The CORE Lab collaborates with many awesome people, universities, and labs. Here are some of them that we collaborate with:
For the better part of the last decade, the CORE Lab has worked closely with the Science Education Partnership and Assessment Laboratory (SEPAL) at San Francisco State University. Through a Nation Science Foundation grant for working on discipline-based education research our two labs have been working closely on biology education. Together with SEPAL Director Dr. Kimberly Tanner, we look at misconceptions in biology and their relationship with intuitive understanding of biology.
The CORE Lab has enjoyed an evolving partnership with researchers in cognitive psychology at Queen’s University Belfast in Northern Ireland since Dr. Coley and Dr. Aidan Feeney met in 2004. Soon after, Dr. Feeney began a tenure as a Visiting Scholar at Northeastern University; with the CORE LAB, Drs. Feeney and Coley worked on projects and authored papers pertaining to differential social categorization and saliency of social categories in Northern Irish and American individuals, and category-based inductive reasoning. During the spring and summer of 2017, Honors Research Fellow and former CORE Lab Research Coordinator Alix Alto held a Visiting Research Associate position in Dr. Feeney’s High-Level Cognition Lab, where she worked with Dr. Feeney and Dr. Jocelyn Dautel on projects in social cognitive development, prosociality and social categorization in Northern Irish children, episodic memory, and teleological reasoning as a model of explanatory preference using a dual-process model. Additionally, as of the spring of 2020, Jessica Leffers, a fourth year graduate student in the CORE Lab, is conducting research at Queen’s University as a visiting graduate researcher.
Since the summer of 2016, the CORE lab has been collaborating with the Social Psychology Center at China Central Normal University (CCNU) in Wuhan, China. Our ongoing collaborative research projects investigate cultural dimensions of the representation, use, and development of social categories in China and the U.S. As part of this ongoing collaboration, Dr. Fangfang Wen was a visiting scholar in residence at the CORE Lab from November 2016-November 2017, and in May 2017, Dr. Coley and Dr. Bin Zuo (Director of the Social Psychology Center of CCNU) co-chaired a research symposium at the 29th Annual Convention of Association for Psychological Science in Boston.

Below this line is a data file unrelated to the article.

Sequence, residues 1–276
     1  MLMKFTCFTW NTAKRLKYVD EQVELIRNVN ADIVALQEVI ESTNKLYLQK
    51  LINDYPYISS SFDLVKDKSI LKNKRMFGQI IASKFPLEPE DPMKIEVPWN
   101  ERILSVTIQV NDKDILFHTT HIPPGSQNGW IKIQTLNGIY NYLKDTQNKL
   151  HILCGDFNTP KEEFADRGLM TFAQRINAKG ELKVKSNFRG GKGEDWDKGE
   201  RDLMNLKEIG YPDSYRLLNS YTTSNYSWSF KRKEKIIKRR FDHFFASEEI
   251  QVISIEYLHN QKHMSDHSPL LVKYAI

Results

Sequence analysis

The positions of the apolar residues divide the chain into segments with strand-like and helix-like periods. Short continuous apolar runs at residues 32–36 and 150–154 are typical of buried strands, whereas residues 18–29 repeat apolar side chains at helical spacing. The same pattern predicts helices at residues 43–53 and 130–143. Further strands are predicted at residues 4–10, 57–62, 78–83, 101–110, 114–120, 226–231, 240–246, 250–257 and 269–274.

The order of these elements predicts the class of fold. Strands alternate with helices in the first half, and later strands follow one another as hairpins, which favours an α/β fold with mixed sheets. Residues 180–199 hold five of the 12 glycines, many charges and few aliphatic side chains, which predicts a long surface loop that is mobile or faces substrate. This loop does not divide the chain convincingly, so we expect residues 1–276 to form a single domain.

Our collaboration with Dr. Lauren Swiney at the Warwick Integrative Synthetic Biology Centre at the University of Warwick in the UK involves projects investigating relations between intuitive biological thinking and people’s understanding of advances in synthetic biology. The goal of this work is to understand how intuitive cognitive construals such as essentialist and teleological thinking might impact, constrain, and influence people’s understanding and acceptance of cutting edge bioengineering, and how we can use knowledge of these relations to help people make genuinely informed decisions about controversial new biotechnology.
In recent months, the CORE Lab has been working to begin collaborative research with the Center for Science Education (CSE) at Tufts University. The CSE’s focus is to bridge the divide between biomedical scientists and high school educators, to bring the up-to-date science behind health and disease into the high school classroom. We work with Revati Masilamani, Ph.D. on the Great Diseases project, and Carol Bascom-Slack, Ph.D. on the PARE project. Our work together will inform translation of science into practice using research around the intuitive understanding of biology.
The CORE Lab is collaborating with Dr. Imac Zambrana of the Department of Special Needs Education, University of Oslo on a new line of research investigating how different educational approaches may influence children’s exploration, and thereby impact their ecological thinking and behaviors.
The CORE Lab collaborates with the Child Cognition Lab at Boston University to find out what both adults and children understand (and do not understand) about the mechanisms of viral transmission and infection (both viruses generally, and COVID-19 as a specific example). We’re planning to use this information to develop an intervention that provides people with an accurate mechanistic understanding of viruses and hopefully increases their likelihood of engaging in behavior that reduces the risk of viral transmission.
Dr. Yian Xu completed her Ph.D studies in the CORE Lab in the summer of 2019. While working as a postdoctoral researcher at the Conceptual Development and Social Cognition Lab at New York University, Yian continues her collaboration with the CORE lab to investigate cultural and individual variances in psychological essentialism, and their implications in legal and clinical decision-making.
After receiving her Master’s degree in the CORE Lab, Emily E. Dahlgaard Thor, M.S., went on to lead impact-driven research initiatives for a Boston-based research consulting firm. Her current research focuses are around developmental play experiences. Collaborations with the CORE Lab include projects about effective scientific communications, education, and moral reasoning.
Nicole Betz received her Ph.D. degree in the CORE Lab in June 2019. She is currently a postdoctoral researcher at Yale University working alongside Dr. Frank Keil to investigate how to enhance elementary school science education by applying principles from cognition. She continues to collaborate with the CORE lab on projects begun in her graduate studies, including her work on informal understandings of environmental issues and climate change and anchoring one’s thinking about the world in terms of humans — anthropocentrism.